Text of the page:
Authentic: : not false or imitation : real, actual via Merriam-Webster
Have you noticed the number of times people have thrown around the word authentic, especially when relating to student work? I have been guilty of that myself, I have talked for years about authentic student blogging. But, I don't think that word means what we think it means.
Can we really have authentic student work in the classroom? Since we require the work, doesn't that make it not authentic? Or, by definition is all work students do real?
I have given assignments to my students where I thought they were doing authentic work. For example, I have had students write fiction which they shared on the internet through their blogs. Of course I was looking for an authentic audience to read their authentic writing. But, on considering what I had them do, I wonder if there was anything authentic about it.
I know that some of my students really enjoyed writing fiction. Not only did they thrive with the assignments they were given, they spent their time writing new fiction or reworking older assignments to make them better. I believe that was authentic. It was true to them.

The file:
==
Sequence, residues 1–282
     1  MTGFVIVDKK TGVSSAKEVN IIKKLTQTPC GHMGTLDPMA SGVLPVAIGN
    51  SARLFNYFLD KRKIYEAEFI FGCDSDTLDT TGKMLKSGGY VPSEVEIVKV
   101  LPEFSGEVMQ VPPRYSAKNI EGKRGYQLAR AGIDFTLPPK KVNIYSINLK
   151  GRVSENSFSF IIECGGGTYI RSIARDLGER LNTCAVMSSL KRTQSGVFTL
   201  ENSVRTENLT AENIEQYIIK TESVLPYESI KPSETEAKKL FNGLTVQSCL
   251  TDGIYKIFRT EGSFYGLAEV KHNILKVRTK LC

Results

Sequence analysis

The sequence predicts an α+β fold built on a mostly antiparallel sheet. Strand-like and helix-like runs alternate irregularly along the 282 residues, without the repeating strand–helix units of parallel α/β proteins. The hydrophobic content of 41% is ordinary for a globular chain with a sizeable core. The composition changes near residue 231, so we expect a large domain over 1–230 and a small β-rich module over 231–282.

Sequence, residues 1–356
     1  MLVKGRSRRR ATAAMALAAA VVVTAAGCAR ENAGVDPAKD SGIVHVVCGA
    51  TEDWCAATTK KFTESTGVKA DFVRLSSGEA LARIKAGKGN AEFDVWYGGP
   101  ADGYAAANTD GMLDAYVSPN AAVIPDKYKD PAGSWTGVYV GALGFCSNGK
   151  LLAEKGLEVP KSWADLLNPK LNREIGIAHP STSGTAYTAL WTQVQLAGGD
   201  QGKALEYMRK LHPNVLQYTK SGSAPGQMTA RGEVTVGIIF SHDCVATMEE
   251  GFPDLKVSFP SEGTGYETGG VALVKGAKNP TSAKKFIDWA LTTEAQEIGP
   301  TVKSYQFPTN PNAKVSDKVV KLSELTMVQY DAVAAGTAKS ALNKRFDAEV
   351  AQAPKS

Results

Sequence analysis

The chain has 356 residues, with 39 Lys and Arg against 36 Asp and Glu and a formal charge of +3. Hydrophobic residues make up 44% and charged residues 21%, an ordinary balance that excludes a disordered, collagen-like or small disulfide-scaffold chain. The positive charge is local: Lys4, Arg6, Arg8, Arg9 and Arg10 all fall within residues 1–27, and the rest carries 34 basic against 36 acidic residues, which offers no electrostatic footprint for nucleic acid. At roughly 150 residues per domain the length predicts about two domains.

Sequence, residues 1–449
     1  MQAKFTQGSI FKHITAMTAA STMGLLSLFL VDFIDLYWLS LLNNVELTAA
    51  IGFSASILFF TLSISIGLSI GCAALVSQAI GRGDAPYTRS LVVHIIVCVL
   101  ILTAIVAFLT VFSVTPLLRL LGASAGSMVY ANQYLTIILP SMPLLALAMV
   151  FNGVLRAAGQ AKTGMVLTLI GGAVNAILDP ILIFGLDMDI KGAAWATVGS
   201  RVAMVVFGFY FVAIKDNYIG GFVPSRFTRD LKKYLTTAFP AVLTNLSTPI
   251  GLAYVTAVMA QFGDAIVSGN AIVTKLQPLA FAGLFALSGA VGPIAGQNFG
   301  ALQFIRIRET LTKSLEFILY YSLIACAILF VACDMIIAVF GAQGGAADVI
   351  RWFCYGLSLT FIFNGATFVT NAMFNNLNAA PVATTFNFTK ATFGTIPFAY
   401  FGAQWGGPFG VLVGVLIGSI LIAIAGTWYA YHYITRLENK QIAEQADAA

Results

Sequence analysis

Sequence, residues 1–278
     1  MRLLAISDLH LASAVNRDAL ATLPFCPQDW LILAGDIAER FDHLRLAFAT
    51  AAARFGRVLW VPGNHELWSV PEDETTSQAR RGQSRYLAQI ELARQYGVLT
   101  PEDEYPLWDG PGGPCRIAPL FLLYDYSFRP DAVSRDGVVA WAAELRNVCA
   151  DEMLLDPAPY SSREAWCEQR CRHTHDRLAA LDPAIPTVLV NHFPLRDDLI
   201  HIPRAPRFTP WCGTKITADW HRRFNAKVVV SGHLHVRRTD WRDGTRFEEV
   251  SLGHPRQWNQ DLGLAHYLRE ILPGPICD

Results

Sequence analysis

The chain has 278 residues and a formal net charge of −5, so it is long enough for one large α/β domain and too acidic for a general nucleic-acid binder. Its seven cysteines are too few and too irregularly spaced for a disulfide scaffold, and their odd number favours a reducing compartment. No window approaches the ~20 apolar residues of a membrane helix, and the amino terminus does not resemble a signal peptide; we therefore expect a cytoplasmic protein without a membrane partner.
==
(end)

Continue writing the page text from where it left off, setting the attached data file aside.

Many of my students did not want to write fiction. Some wrote some amazing stuff anyway, but it wasn't their choice. They did great work but had no choice about having to do it. Was being able to decide on what the story was about enough to make the assignment authentic? Did it become authentic when they took ownership? Is the fact that it was assigned enough to make it false?
At this point you are probably wondering why I care. I worry that we are lying to ourselves about the work we have our students doing. I worry that we placate our assignment
decisions through words like authentic when they really aren't.